The Cost of Insecurities

Between magazines, television and social media, it’s almost impossible to be completely confident in the way you look (let alone some other aspects of your life). At the moment I’ve got two Cosmopolitan magazines right next to me and just glancing at the covers is enough to make people feel insecure: photoshopped women posing sexy in skimpy clothing, not to mention the taglines! “Summer Shape-Up: Tone Every Zone in Just Minutes a Day.” “Sun’s Out Buns Out! Easy Moves to Shape a High, Tight Tush.” “Could He Be Faking It? You Sure?” Gee, thanks. These things all scream “you are not enough as you are” and is that really the kind of message readers need?

Television is no better. Commercials try to force you to buy things you don’t need. Reality television shows make you jealous of people’s lives, when a majority of it is staged and not reality at all. Then there’s social media with people posting the highlight reel of their lives or editing/photoshopping their own photos or sucking in or posting only the best angles etc., etc., etc. Not to mention all the bullying that goes on, starting from a young age all the way through adulthood. These comments affect people, whether they’d like it to or not.

The point is society is making people feel inadequate left and right, and for what? All just to get you to buy a product or read their magazine or gets likes/comments from strangers? The problem is that these things go deeper than that for many individuals. Sure, some of us can look at a picture and chalk it up to someone looking great because the photo was edited to look flawless. But there’s many people out there who look at these things and find that they can’t stop dwelling on their own flaws because from what they can see, these other people don’t have any. That’s where cosmetic procedures come in.

Getting cosmetic work done seems to have become the norm. People used to be embarrassed about getting a nose job or breast implants. Nowadays, while some still do remain very secretive about the work they’ve had done, others have no problem sharing it with the world and trying to convince their friends to go to the same doctors they went to (which is not necessarily a bad thing because if you’re going to have work done, it’s much better to have it done by someone who comes recommended/has great reviews).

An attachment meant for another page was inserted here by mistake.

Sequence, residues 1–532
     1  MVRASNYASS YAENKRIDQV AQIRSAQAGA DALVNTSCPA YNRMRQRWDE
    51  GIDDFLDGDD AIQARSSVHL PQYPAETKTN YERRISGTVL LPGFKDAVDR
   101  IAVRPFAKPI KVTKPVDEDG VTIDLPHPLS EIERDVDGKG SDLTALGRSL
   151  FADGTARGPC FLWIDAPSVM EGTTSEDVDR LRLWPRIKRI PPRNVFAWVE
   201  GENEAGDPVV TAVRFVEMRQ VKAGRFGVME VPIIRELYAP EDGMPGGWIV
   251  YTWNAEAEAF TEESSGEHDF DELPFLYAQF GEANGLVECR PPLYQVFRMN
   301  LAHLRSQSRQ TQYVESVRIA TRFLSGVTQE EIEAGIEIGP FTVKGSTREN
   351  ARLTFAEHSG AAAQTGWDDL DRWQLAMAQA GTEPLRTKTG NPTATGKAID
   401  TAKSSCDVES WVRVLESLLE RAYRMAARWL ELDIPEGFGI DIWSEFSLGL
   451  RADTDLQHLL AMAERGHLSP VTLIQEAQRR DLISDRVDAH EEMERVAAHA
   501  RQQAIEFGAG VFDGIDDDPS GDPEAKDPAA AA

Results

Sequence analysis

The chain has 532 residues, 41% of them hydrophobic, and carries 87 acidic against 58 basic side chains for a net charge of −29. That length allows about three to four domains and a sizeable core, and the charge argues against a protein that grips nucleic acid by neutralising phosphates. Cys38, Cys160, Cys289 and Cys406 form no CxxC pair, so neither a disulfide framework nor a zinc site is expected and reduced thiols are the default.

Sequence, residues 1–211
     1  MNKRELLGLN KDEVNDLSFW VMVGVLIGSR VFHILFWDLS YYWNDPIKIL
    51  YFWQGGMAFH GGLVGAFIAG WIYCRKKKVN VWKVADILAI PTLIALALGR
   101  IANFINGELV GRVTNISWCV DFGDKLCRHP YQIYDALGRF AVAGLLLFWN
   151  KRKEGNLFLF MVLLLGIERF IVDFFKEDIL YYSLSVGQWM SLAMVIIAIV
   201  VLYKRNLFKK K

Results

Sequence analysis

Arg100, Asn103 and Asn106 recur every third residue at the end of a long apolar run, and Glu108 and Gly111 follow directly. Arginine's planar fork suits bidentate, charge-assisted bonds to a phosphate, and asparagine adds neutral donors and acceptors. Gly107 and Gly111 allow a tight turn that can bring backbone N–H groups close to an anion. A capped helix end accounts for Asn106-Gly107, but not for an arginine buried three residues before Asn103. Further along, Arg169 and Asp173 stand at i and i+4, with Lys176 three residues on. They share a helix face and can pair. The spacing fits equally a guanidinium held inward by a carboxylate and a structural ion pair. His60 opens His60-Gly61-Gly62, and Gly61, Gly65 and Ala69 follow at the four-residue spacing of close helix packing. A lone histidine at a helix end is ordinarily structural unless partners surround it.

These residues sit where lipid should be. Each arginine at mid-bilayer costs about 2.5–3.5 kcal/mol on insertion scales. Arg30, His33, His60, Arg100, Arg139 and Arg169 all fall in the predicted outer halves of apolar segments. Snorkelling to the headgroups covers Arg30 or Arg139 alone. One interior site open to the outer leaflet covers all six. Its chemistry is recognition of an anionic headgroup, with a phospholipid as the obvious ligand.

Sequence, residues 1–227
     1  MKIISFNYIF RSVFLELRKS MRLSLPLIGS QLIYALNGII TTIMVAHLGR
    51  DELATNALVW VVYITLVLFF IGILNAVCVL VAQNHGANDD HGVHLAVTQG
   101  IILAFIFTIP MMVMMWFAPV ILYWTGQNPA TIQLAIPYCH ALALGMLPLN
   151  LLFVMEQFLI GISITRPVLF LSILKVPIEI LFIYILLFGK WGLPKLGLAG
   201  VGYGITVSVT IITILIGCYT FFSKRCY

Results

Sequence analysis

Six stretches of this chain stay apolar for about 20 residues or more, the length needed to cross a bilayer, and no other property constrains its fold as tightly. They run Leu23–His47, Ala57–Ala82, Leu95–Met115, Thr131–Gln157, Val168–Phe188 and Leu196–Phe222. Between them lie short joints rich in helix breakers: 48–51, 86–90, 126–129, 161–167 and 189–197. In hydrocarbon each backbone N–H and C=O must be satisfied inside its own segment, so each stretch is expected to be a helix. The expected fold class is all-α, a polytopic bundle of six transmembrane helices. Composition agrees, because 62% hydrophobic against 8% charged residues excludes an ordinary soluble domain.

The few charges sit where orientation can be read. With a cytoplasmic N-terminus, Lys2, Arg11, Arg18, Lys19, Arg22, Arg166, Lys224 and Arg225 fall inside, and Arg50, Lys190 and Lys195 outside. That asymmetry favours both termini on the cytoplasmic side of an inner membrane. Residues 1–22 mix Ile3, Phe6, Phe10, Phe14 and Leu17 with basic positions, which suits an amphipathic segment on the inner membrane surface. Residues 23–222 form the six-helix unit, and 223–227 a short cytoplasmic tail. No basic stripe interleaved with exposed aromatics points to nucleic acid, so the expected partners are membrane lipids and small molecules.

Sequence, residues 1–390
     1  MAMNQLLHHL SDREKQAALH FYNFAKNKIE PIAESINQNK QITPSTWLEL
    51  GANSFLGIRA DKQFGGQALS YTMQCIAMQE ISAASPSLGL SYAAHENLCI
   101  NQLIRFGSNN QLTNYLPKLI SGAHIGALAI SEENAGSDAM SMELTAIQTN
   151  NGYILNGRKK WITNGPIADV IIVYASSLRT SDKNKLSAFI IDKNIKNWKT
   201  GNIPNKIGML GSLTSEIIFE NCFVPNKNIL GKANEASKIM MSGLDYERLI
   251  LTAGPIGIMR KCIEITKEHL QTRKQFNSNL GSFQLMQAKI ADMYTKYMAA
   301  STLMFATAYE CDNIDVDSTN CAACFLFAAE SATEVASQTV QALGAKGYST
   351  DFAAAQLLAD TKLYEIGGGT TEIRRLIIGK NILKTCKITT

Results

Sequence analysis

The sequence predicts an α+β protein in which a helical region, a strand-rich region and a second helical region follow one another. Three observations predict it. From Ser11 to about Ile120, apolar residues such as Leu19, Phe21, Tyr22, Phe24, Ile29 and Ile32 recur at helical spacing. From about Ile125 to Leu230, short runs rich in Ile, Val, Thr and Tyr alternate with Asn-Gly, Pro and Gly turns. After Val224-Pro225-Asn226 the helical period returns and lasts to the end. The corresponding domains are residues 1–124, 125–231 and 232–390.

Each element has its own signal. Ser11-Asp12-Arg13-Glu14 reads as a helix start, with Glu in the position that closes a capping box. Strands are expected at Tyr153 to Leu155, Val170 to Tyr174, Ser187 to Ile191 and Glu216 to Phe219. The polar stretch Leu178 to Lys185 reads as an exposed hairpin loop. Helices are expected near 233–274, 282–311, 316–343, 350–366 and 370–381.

The other day I was looking at Instagram and noticed a sponsored post from one of the accounts I follow for lip fillers. I clicked on the tagged page and started looking through the posts to see what kind of work they did (why, I’m not sure). Some of the people who were on the page had had multiple procedures done and it got me thinking, how much are people spending on this stuff?! So, naturally, I decided to do some research.

Did you know that in 2016, there were 17.1 million cosmetic procedures performed in the U.S.? The cost of these procedures totaled $16.4 billion (data from American Society of Plastic Surgeons). These numbers do not include reconstructive surgery; this is strictly cosmetic procedures. And while a small portion of cosmetic procedures may be done for medical reasons, most of these are not. Here’s the individual cost of some common surgeries.



Rhinoplasty, a.k.a. a nose job, involves reshaping the bones, tissues and cartilage in your nose. While some people require rhinoplasty for breathing purposes, many people get this surgery done for cosmetic purposes, to enhance their look. The average cost of rhinoplasty in 2016 was $5,046.

Breast Augmentation

Breast augmentation, commonly known as a boob job, uses implants or fat to increase the size and change the shape of one’s breasts. The average cost of breast augmentation in 2016 was $3,719, although the cost varies depending on the type and size of the implant, as well as the geographic location.

Buttock Augmentation

This procedure entails using butt implants, fat grafting or a combination or the two to increase the size of one’s butt. When you think of buttock augmentation, think of the Kardashians, who most likely led to a spike in these surgeries when their show became popular. The average cost of buttock augmentation in 2016 was $4,356 using fat grafting and $4,860 using butt implants.

Botulinum Toxin

Botulinum toxin, more commonly known as Botox, is a non-surgical injection that reduces or removes frown lines, forehead creases, crow’s feet near the eyes and thick bands in the neck. But remember, the results of Botox are only temporary and last about 3-4 months. The average cost of a Botox injection in 2016 was $385.


Liposuction works by removing excess fat deposits to help slim and reshape the patient’s body. It can be performed on various parts of the body including abdomen and waist, thighs, upper arms, buttocks and more. The average cost of liposuction in 2016 was $3,200.

Laser Hair Removal

Laser hair removal uses highly concentrated light to penetrate hair follicles to inhibit future hair growth. It does not completely stop hair from growing altogether, so you may require touch up sessions as time goes on. It typically takes 3-4 sessions to complete. The average cost of laser hair removal in 2016 was $306, per session, so approximately $1,000. This amount varies depending on the area being treated and geographic location.

Dermal Fillers

Dermal fillers are injections that are used to plump lips, soften facial creases, remove wrinkles, improve the appearance of scars and more. As there are several different types of dermal fillers, the cost differs, but the average cost of dermal fillers for 2016 ranged from $644-$1,930.